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Pinellas Park settles sexual bias lawsuit

The former assistant city manager said she was fired for vague reasons that were a "pretext for sex discrimination.''


© St. Petersburg Times, published March 26, 2000

PINELLAS PARK -- City administrators have agreed to pay almost $43,000 to former assistant city manager Peggy McGarrity, who claimed she was fired two years ago because of sexual discrimination.

Pinellas Park City Manager Jerry Mudd also agreed to write McGarrity a favorable letter of reference and to put no disparaging documents in her file.

Mudd agreed that neither he nor other officials would speak badly of her. McGarrity agreed she would not speak ill of Mudd, Pinellas Park, council members or other employees.

The settlement agreement, struck Tuesday during a mediation session, closed a federal lawsuit McGarrity filed last summer against the city and Mudd personally.

McGarrity could not be reached for comment.

Council member Rick Butler said he did not have enough information about the settlement to comment, but he was pleased the city would not have to go through a drawn-out lawsuit.

Pinellas Park will pay $25,000 of the $42,500 settlement from tax monies. The other $17,500 will come from the Florida League of Cities, which insures Pinellas Park. The settlement also clears the claims against Mudd.

The suit alleged McGarrity had been fired in 1998 for "inarticulate and vague reasons, which were a mere pretext for sex discrimination." It also charged that she was treated more harshly than male employees who were accused of misconduct but not fired.

Although the lawsuit may have calmed some of McGarrity's anger, it did nothing to clear up the details of why she was fired. Mudd has said only that McGarrity ridiculed him and some council members. He has never provided details, and the city has consistently fought efforts to force officials to disclose details.

McGarrity has always denied the charges and claimed she was bewildered by Mudd's charges.

Those details of what she might have said never came out during the lawsuit, said McGarrity's attorney, Marcia Cohen.

"That's the major thing that we've all been trying to find out," Cohen said Wednesday. "Nobody that Peggy's ever talked to has ever said to her that they heard her say anything derogatory."

In fact, Cohen said, "bunches of people" who worked for the city denied they ever heard her say anything bad about anyone.

Although the lawsuit failed to provide that information, the settlement likely will.

The city has agreed to release all file and court documents as required under the state's Public Records Law. City officials had withheld them until now, claiming that they were part of an ongoing lawsuit and therefore exempt from disclosure. Now that the suit has been settled, the exemption no longer applies.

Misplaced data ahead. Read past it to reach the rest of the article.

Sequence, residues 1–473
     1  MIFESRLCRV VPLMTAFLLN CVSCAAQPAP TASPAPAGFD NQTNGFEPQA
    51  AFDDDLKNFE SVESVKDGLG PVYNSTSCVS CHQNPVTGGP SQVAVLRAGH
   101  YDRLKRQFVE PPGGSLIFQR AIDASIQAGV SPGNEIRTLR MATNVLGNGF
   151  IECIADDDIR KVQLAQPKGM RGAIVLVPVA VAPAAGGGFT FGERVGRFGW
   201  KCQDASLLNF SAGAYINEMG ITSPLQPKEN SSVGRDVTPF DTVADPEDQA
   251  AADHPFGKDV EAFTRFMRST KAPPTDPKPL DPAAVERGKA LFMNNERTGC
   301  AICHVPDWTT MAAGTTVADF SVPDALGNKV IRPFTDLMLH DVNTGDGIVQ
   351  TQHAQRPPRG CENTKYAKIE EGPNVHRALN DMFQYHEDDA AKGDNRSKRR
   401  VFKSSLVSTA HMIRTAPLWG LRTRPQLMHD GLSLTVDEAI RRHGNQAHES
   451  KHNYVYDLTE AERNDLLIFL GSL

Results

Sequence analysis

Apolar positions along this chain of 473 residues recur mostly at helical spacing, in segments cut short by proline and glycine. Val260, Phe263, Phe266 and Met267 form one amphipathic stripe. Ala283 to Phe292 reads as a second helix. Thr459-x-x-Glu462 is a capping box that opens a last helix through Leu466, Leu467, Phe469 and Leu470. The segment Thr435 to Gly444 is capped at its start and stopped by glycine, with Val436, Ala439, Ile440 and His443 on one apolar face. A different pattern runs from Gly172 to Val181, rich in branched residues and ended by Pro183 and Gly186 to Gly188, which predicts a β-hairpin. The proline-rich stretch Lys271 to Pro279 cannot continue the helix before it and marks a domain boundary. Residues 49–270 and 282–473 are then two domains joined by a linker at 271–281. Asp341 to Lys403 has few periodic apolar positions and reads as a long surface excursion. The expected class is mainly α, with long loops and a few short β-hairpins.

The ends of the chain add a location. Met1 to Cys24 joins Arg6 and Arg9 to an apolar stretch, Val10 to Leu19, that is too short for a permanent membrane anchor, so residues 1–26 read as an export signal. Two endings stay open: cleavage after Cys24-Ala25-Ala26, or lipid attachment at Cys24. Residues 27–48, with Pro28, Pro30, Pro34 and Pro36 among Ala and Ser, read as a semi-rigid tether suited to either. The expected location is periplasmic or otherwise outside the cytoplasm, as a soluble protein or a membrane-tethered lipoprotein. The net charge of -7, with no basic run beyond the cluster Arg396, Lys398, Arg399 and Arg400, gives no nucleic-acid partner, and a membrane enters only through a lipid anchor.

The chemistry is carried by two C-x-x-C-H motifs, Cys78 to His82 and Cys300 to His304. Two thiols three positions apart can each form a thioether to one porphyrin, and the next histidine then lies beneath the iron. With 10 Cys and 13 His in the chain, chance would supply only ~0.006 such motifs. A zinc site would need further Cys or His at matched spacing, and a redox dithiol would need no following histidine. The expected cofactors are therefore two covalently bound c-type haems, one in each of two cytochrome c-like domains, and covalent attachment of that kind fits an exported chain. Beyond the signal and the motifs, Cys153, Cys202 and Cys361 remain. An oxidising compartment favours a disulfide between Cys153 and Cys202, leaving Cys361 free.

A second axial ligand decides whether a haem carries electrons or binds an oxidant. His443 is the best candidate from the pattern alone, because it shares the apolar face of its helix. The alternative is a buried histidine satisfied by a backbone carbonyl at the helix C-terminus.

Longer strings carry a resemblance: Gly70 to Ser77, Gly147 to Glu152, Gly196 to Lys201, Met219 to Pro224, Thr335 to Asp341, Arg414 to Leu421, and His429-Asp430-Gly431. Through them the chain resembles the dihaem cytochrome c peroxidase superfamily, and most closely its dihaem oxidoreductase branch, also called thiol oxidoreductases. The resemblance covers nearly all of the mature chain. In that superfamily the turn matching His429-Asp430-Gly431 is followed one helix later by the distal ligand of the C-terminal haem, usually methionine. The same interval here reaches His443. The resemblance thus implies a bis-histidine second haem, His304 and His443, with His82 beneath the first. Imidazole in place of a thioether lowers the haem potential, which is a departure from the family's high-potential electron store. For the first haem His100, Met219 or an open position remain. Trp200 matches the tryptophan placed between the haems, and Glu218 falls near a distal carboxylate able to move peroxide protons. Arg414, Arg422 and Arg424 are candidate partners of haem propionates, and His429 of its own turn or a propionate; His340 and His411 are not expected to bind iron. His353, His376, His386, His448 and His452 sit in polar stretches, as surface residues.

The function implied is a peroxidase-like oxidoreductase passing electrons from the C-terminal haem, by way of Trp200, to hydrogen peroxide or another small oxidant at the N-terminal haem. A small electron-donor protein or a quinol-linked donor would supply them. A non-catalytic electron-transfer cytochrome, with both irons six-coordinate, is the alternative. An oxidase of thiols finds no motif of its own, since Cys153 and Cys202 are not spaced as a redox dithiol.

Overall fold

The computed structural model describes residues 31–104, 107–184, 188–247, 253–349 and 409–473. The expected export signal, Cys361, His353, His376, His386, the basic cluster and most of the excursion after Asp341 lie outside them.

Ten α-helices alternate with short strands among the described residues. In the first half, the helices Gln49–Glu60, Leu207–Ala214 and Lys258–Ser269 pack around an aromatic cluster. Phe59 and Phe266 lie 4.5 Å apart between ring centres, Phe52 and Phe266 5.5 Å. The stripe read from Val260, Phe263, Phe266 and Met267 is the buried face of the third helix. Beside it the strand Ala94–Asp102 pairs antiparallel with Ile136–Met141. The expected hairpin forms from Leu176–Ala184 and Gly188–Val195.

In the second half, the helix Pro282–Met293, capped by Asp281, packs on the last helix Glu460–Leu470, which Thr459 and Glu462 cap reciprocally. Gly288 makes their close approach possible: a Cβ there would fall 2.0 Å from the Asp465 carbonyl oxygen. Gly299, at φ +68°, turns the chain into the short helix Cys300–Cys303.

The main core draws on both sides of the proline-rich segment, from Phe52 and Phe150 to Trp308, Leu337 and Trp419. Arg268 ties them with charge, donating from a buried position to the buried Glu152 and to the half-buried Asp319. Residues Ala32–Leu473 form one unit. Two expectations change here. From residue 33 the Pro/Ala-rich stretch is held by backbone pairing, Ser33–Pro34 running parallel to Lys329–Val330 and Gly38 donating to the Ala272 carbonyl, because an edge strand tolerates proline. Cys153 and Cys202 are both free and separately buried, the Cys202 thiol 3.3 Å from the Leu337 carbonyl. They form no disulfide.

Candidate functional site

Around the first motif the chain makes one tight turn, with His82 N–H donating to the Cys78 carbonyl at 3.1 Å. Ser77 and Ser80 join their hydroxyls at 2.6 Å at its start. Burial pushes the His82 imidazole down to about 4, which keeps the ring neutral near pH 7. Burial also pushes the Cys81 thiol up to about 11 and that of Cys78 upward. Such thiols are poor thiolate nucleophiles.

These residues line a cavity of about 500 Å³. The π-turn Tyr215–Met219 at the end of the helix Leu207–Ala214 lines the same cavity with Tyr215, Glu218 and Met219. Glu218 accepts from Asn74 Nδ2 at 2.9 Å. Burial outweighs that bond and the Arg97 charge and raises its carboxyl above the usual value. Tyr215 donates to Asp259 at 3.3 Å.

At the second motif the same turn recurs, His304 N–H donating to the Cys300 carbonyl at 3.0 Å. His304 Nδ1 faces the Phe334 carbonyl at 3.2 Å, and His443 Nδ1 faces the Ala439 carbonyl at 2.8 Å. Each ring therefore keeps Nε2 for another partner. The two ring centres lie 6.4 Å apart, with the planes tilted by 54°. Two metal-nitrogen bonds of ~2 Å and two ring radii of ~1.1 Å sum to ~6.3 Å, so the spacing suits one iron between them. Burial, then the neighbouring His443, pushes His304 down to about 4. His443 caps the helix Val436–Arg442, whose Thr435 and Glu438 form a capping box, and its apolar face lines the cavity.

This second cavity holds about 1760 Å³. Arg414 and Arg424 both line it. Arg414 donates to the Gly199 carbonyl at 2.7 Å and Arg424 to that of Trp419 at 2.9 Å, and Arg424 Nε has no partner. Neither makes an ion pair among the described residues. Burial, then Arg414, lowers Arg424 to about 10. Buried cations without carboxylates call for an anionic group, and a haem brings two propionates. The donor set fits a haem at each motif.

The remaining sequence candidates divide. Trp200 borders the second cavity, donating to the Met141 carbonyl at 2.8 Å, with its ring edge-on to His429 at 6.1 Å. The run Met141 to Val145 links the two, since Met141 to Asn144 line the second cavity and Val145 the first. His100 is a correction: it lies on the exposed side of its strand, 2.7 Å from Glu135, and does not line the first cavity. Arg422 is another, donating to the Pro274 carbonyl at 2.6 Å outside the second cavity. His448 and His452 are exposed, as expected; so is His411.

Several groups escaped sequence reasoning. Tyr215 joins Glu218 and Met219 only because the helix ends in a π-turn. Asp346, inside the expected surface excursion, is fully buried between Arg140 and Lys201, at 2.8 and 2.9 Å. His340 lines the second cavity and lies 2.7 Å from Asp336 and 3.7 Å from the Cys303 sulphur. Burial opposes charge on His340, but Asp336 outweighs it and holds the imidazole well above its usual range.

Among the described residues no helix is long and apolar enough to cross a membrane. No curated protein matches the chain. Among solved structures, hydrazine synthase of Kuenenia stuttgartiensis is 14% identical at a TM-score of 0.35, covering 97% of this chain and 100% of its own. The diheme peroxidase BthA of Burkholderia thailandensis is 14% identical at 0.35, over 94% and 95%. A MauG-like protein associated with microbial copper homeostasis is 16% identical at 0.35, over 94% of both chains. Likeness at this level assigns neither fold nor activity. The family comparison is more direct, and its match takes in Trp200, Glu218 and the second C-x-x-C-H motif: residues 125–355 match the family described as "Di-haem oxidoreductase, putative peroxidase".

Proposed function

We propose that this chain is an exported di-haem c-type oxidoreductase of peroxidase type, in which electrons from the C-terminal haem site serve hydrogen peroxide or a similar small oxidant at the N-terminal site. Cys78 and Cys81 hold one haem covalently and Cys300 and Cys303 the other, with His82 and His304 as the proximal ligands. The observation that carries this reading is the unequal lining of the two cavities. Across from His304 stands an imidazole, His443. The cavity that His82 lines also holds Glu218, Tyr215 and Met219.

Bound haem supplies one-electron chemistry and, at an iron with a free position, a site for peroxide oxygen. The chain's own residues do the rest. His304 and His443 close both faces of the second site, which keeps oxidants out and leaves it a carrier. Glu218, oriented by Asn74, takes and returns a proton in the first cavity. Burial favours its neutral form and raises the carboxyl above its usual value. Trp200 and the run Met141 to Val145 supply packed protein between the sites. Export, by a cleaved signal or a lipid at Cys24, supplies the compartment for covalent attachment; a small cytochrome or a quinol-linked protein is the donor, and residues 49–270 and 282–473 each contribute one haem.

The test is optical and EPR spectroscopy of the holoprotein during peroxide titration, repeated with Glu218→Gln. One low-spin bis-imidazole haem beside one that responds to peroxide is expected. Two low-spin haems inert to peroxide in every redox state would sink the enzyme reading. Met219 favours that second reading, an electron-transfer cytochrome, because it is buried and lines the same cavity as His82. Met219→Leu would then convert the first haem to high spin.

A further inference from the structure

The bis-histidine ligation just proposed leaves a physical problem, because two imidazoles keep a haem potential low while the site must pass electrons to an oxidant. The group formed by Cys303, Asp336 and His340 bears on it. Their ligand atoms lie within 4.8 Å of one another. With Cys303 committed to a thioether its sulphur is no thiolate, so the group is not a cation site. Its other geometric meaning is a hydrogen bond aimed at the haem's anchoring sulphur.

McGarrity had worked for Pinellas Park for almost 18 years when Mudd suddenly suspended her without pay for a week and moved to fire her in June 1998. Mudd said then that McGarrity had produced substandard work and had problems with conduct and attitude. He described her then as careless and uncooperative.

He also said McGarrity had ridiculed him and council members.

Shortly after, 32 employees and friends, including council member Patricia Bailey, former Mayor Cecil Bradbury and then state Rep. Mary Brennan, D-Pinellas Park, testified on her behalf during a pre-termination hearing. Although they spoke highly of her and her work ethic, Mudd fired her.

After she was fired, McGarrity applied for unemployment. At first, the city fought her application, but backed off when officials discovered they would have to give details explaining why she had been fired to prevent her from getting the compensation.

Shortly after, the city invited her back to celebrate her "retirement" and praised her contributions before giving her a plaque and a $100 gift certificate.

McGarrity took a temporary job with the city of Oldsmar. She later moved to Tamarac, a city of about 51,500 people northwest of Fort Lauderdale in Broward County. Later she became the finance manager for Osceola County, a position she continues to hold.

The ironic thing, attorney Cohen said, is that the firing likely helped McGarrity get a better job and life than she had while working in Pinellas Park.

"It's a big job and she absolutely loves it," Cohen said. "She would probably have stayed in Pinellas Park the rest of her working life. . . . She really needed to branch out with her life."

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